Static website generators

Static website generators are becoming more popular as people discover that by going back to the roots of the web (static HTML), you can gain speed, increase security, and customise and change your website more accessible.

This is less of a trend in web design, and more to do with the back ends of websites, and development. What these tools provide website owners with however, is the ability to design and iterate quicker, which will in turn, speed up the rate at which web trends are adopted and recycled.

Some examples:


Jekyll is a simple, blog-aware, static site generator.

You create your content as text files (Markdown), and organize them into folders. Then, you build the shell of your site using Liquid-enhanced HTML templates. Jekyll automatically stitches the content and templates together, generating a website made entirely of static assets, suitable for uploading to any server.

Jekyll happens to be the engine behind GitHub Pages, so you can host your project’s Jekyll page/blog/website on GitHub’s servers for free.

Site: https://jekyllrb.com/docs/home/


Hugo is a fast and modern static site generator written in Go, and designed to make website creation fun again.

Hugo is a general-purpose website framework. Technically speaking, Hugo is a static site generator. Unlike systems that dynamically build a page with each visitor request, Hugo builds pages when you create or update your content. Since websites are viewed far more often than they are edited, Hugo is designed to provide an optimal viewing experience for your website’s end users and an ideal writing experience for website authors.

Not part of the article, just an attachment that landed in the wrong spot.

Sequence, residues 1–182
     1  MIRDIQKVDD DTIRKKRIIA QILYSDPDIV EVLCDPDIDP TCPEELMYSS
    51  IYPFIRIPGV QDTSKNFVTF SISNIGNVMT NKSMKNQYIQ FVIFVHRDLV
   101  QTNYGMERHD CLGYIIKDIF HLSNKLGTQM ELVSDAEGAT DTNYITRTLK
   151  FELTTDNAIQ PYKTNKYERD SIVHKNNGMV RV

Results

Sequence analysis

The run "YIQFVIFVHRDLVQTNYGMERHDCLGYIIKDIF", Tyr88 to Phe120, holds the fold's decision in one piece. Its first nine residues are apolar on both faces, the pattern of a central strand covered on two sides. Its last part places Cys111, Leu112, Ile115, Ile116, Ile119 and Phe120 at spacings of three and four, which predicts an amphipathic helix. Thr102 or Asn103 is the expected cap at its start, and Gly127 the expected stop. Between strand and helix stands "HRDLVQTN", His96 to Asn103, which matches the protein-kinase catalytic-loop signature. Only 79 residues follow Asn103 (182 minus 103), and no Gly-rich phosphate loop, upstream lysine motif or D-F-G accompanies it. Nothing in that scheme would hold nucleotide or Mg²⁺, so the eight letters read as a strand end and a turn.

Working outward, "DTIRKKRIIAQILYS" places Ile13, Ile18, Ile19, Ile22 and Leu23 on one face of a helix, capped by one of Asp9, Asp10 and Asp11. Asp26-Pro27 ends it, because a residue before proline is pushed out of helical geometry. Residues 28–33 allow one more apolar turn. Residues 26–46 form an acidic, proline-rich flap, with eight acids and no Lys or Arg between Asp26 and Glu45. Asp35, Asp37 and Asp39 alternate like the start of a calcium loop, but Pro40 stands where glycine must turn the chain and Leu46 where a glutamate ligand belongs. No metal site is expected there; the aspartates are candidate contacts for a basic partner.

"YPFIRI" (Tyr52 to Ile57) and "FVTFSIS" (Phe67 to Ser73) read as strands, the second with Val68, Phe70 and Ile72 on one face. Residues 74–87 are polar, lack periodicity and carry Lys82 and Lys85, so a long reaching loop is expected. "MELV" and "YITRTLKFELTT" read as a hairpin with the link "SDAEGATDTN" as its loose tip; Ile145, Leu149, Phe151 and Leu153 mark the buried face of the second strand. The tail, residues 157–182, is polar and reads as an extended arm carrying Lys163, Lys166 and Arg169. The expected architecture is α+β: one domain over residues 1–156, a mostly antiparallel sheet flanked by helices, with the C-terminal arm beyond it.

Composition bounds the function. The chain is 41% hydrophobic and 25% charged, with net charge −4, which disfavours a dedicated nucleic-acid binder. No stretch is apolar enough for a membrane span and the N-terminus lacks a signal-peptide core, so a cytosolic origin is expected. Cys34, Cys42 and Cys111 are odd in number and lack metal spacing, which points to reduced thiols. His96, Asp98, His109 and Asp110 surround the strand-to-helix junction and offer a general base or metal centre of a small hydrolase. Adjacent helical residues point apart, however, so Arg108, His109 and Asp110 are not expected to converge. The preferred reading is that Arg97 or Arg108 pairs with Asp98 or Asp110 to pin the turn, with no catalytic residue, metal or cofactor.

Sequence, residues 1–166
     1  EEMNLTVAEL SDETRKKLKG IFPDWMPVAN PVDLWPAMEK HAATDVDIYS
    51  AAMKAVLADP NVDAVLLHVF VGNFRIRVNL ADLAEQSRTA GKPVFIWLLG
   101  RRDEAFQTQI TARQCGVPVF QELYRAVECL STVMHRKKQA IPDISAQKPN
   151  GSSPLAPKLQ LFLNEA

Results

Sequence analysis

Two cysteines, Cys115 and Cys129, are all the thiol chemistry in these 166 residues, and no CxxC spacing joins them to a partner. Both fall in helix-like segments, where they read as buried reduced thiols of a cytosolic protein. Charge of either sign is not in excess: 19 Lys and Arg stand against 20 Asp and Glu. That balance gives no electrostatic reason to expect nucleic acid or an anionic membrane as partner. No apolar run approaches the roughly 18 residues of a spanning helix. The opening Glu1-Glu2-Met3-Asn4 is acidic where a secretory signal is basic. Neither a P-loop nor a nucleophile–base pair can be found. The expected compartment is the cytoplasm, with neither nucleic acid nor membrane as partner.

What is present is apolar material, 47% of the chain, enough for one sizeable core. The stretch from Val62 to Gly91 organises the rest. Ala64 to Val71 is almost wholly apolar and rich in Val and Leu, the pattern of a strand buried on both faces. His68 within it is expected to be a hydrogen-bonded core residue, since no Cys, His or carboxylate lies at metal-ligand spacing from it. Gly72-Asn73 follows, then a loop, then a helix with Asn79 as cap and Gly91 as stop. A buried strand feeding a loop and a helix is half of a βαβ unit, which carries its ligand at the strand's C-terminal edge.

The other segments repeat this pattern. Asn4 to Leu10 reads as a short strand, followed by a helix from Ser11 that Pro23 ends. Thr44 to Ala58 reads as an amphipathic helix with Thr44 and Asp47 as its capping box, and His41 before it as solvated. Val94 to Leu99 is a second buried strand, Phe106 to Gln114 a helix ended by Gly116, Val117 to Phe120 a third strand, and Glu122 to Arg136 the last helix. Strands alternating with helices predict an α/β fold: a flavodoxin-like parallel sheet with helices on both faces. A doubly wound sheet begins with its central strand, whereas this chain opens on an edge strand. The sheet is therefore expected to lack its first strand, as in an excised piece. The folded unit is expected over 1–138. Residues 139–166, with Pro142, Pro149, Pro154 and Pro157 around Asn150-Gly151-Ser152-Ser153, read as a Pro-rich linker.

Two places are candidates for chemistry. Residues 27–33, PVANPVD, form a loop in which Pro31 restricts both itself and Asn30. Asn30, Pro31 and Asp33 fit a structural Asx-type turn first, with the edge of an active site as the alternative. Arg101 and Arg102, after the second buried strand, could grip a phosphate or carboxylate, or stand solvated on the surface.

Site: https://gohugo.io/


Gatsby is a blazing-fast static site generator for React.

Site: https://www.gatsbyjs.org/

Dramatic typography

Typography online is getting bolder. And in 2019 there is going to be even more experimentation with using large fonts that dominate the page. This trend towards the more creative use of typography will allow brands to be more expressive and adventurous with what fonts they use on their website, and how they present them.

In 2019 we will also probably see more brands creating their own fonts.

Some examples:

Airbnb Cereal
Airbnb Cereal